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Sagaba: To be misunderstood by the world, even by your friends at times. It means “suffering,” according to the Blue Scholars of Seattle. And yes, I am suffering, to be perfectly honest. I feel like many among me are too, so I have the will to describe it.
Living in Isla Vista, CA shouldn’t be so hard, right? Correct. Men, you should be getting laid every single weekend with any single girl of your choosing. You should be going to parties pre-gamed and pumped, you should be ready to swoop on any bitch that is dancing in her daze. Right? Of course. Pussy is pussy. And good-looking pussy is good-looking. That is Santa Barbara; that is our culture.
You’re right. You’re absolutely right. Here we are, swimming. But it’s funny, I often find myself swimming against the current — like salmon, yo. Fortunately, this isn’t a fish thing. This is just a person; not rehearsing. And when I’m not rehearsing or putting on a mask to go out, I’m real. If it means I’m mean, irritable, rude or unpleasant, then so be it.
Let me be real for a minute. Look, I hate I.V. Being the strong word that it is — “hate” — I use it with caution. But I’m using it. Yes, I do hate Isla Vista and everything it usually stands for and represents. Drunk, arrogant fools walk the streets in hordes, groups and masses to do the same thing: clone each other. It’s the truth, what can I say? Every single time I go out to pick up some single girl with another full, single beer in my hand, I think, “What am I doing right now?”
Well, obviously I’m trying to satisfy my body — my dick, to be more exact. Then, I think, “How important is my dick to me?”
Well, it’s pretty fucking important, frankly. There’s no denying that. But then I think, “Is your mind stronger than that? Are you more than just a clone?”
I respond, “Yes.” Yes, it is. My mind is stronger, and I proceed to go practically flaccid. More than a clone? Yup, I’m a bit more than that too, to tell you the truth. Then I become insecure, out of place and outnumbered. Where am I?
You’re at a party, kid. And this is college, where men stand around a keg and spit the same lines and stories on weekends. You’re in college, where the easiest picking is on the dance floor; capitalize. You’re in a place where “bros” come before “hoes,” where you must say the stupidest shit to make a girl giggle enough until she feels comfortable to kiss you. Then you’re home free.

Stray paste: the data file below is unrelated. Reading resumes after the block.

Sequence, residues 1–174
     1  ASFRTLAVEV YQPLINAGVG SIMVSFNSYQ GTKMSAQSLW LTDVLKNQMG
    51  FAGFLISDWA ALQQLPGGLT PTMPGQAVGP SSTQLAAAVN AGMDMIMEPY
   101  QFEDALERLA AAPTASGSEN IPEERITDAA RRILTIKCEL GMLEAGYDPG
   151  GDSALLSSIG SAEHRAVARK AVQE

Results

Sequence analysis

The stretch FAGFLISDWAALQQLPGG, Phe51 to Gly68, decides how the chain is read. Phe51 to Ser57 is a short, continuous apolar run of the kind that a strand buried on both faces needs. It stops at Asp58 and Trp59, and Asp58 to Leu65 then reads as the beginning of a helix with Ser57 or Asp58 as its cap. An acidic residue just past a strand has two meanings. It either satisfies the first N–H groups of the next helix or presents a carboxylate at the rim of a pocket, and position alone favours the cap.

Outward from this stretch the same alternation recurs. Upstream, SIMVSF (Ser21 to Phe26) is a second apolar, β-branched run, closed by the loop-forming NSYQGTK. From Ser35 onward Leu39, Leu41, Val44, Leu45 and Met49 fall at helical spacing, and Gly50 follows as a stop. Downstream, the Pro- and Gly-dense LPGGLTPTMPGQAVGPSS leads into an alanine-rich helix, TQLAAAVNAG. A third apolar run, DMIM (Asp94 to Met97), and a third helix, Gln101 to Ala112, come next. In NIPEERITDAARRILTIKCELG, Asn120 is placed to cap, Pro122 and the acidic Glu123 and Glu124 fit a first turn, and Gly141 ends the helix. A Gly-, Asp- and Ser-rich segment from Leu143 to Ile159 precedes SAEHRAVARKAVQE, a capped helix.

These are the motions, and we all go through them regularly. Women buy this, take it home to cook, clean and fuck — more “fuck” than “cook” and “clean” — and then move on to the next weekend, the next party and the next man.
“Yeeeah, buddy.” That’s where I am. Take a number and get in line.
“Get me out!” I consider. “Show me someone real!” Yet, there actually isn’t an out, and there is no real. Not until you’re faded, angry and browned-out enough to walk home on your own do you realize, “I hate myself and everyone around me for this. They’re fakes and phonies that don’t deserve my attention or time. This façade I’m living isn’t living at all.”
Then you realize you sound like Holden Caulfield; you realize the year is 2011.
You think, “Shit, maybe I think too much. Maybe I overanalyze and criticize behavior too much,” so you chill out. You become cold and indifferent to the people and world around you. Whether at work, school or parties, you’re frosty and apathetic.
“When this place has something worth showing me, I’ll pay attention,” you think. Maybe an angel will come along one day and grace you with their presence; that’s what you’ll hope for at least — an angel.
But in the world of Isla Vista you’re unlikely to find her. I suppose there are plenty of angels, sure, but they’re almost all afraid and insecure like you. So much so that you’re likely to never know her.
So, now what?
You continue being sagaba: cold and indifferent to the world. You stay jaded and faded in the hopes that you’ll find her; in the hopes that you can find love among chaos.
You might, but you might not. That’s sagaba, baby. That’s the life.
Fabian Garcia is a second-year.